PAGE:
"That meant anyone with a Penn Hills School District shirt or ball cap could use the credit card to buy who knows what without showing any type of identification," said DePasquale. "That is insanity."

According to Moody's Investors Service, while Penn Hills' circumstances are unusual, the audit highlights how mismanagement and poor governance can push an already shaky issuer toward default.

"Financial troubles remain, but the report includes recommendations that would create a pathway for Penn Hills to slowly return to balanced operations," Moody's said in a commentary that also praised the district's recent new leadership for initiating corrective measures.

District Superintendent Nancy Hines said at Monday night's board meeting – the first since DePasquale's bombshell – that she didn't think the state would appoint a financial recovery officer.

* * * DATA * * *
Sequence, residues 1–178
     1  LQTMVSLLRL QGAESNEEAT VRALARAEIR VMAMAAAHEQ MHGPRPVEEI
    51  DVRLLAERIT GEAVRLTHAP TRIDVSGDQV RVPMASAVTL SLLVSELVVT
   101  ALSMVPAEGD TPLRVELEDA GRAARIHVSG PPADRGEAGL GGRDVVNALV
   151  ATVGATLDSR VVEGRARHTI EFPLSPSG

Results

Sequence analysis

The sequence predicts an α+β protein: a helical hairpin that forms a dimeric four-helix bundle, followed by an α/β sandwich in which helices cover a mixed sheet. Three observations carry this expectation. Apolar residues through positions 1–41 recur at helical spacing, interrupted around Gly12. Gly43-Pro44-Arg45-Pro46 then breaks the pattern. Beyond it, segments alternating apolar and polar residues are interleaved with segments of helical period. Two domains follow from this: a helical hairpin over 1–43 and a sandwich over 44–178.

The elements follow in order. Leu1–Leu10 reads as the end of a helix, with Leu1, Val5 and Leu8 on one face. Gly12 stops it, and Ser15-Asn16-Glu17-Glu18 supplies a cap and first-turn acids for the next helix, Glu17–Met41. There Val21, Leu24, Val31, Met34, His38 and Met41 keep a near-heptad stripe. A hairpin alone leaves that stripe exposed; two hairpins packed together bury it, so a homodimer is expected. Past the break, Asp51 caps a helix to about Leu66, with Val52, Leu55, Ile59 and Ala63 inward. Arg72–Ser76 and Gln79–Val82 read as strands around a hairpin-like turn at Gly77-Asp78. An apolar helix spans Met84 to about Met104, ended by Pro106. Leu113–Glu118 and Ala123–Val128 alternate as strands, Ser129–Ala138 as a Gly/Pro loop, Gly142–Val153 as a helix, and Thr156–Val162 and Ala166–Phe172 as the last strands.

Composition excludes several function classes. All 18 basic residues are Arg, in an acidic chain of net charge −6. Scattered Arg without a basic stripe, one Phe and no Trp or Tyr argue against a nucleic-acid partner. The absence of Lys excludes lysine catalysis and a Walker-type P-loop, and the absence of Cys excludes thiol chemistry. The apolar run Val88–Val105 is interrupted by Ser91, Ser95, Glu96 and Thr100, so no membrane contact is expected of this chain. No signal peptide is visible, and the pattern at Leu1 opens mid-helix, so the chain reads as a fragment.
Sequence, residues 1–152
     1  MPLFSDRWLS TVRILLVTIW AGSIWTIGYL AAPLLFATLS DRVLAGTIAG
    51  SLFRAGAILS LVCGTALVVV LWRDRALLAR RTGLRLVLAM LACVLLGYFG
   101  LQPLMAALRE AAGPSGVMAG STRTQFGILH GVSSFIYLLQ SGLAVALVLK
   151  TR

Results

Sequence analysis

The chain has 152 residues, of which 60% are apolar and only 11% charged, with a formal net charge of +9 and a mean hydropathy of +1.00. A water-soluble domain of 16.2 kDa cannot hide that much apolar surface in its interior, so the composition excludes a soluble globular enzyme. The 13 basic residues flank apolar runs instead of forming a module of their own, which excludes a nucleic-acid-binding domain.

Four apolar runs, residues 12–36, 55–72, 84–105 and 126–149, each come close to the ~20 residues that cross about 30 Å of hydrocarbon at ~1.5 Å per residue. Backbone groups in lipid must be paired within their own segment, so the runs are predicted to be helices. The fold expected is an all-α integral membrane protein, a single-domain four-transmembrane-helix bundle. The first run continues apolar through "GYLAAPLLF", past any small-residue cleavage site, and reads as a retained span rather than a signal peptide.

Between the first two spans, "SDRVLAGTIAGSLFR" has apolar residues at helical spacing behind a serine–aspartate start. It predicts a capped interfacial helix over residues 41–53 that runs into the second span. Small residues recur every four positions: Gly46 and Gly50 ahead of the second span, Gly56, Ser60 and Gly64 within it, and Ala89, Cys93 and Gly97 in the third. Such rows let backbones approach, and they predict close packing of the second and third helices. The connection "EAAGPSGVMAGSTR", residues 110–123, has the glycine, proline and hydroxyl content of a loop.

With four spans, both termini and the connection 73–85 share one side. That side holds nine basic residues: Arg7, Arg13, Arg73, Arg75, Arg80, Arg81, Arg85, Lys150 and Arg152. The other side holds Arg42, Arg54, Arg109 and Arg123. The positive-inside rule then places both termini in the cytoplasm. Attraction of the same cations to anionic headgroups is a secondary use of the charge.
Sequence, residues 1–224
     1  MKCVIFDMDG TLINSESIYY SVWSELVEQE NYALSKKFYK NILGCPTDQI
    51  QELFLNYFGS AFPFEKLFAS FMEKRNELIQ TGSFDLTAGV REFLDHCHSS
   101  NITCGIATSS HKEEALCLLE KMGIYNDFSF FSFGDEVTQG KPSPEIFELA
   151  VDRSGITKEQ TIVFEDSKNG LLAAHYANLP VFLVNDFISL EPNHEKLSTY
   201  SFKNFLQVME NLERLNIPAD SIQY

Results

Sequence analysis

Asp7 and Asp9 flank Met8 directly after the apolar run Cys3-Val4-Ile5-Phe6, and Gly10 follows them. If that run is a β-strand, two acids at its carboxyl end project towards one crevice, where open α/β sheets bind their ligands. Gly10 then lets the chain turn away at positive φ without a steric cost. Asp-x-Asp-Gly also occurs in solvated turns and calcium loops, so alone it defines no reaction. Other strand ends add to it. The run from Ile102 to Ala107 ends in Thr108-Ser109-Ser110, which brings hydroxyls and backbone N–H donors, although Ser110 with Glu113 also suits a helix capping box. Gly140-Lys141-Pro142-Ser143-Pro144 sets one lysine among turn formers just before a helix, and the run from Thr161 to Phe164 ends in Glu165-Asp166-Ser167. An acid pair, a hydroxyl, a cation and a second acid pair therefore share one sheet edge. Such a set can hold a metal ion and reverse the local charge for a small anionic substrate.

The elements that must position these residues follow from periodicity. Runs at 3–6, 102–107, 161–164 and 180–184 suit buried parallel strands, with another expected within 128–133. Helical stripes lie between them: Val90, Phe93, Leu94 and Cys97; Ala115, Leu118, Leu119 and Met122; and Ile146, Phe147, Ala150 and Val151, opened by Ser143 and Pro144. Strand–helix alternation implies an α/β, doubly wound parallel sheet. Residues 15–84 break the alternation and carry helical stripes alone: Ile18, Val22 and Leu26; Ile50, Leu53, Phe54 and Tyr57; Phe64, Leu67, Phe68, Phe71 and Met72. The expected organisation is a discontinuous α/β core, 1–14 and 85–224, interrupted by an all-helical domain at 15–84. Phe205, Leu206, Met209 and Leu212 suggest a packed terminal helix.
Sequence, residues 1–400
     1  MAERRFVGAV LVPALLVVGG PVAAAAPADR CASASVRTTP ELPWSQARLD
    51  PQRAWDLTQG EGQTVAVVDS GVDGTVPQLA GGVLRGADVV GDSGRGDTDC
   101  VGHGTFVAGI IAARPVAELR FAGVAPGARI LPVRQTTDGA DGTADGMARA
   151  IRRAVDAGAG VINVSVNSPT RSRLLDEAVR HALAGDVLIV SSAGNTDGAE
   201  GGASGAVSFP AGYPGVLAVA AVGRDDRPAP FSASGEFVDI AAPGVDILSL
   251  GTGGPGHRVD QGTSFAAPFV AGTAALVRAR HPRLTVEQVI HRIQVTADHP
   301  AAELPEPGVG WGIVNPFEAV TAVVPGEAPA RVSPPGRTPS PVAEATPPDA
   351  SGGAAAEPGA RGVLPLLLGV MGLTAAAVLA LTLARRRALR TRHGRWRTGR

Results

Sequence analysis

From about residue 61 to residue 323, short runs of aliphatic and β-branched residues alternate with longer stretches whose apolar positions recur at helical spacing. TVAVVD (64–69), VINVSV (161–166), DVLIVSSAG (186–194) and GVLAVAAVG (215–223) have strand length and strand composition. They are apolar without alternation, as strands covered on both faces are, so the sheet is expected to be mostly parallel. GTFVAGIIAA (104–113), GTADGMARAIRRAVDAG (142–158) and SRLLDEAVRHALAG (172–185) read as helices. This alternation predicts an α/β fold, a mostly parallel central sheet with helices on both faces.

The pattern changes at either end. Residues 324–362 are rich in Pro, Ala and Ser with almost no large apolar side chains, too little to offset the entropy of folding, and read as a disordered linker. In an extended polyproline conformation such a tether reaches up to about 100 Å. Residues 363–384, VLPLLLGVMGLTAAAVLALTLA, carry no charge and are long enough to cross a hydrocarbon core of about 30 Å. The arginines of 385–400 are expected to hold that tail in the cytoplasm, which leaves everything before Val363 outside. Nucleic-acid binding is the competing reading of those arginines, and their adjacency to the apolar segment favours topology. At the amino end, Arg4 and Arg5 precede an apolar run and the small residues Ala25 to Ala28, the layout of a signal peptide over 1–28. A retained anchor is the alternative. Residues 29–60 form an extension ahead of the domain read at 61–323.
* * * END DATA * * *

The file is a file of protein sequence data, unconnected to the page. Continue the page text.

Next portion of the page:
"While this is certainly an option available to the state, it is my impression that the Pennsylvania Department of Education is not moving in that direction, at least not for now," she said as one parent out in the parking lot was telling T-shirts that read: "Penn Hills, just charge it."

Moody's assigns a junk-level B3 underlying rating and negative outlook to Penn Hills, and a B1 with negative to its pre-default and post-default enhanced ratings under Pennsylvania's school aid intercept program. Since fiscal 2014, the state under that program has stepped in to make debt payments due April 1, 2015, and April 1 and May 15 of this year.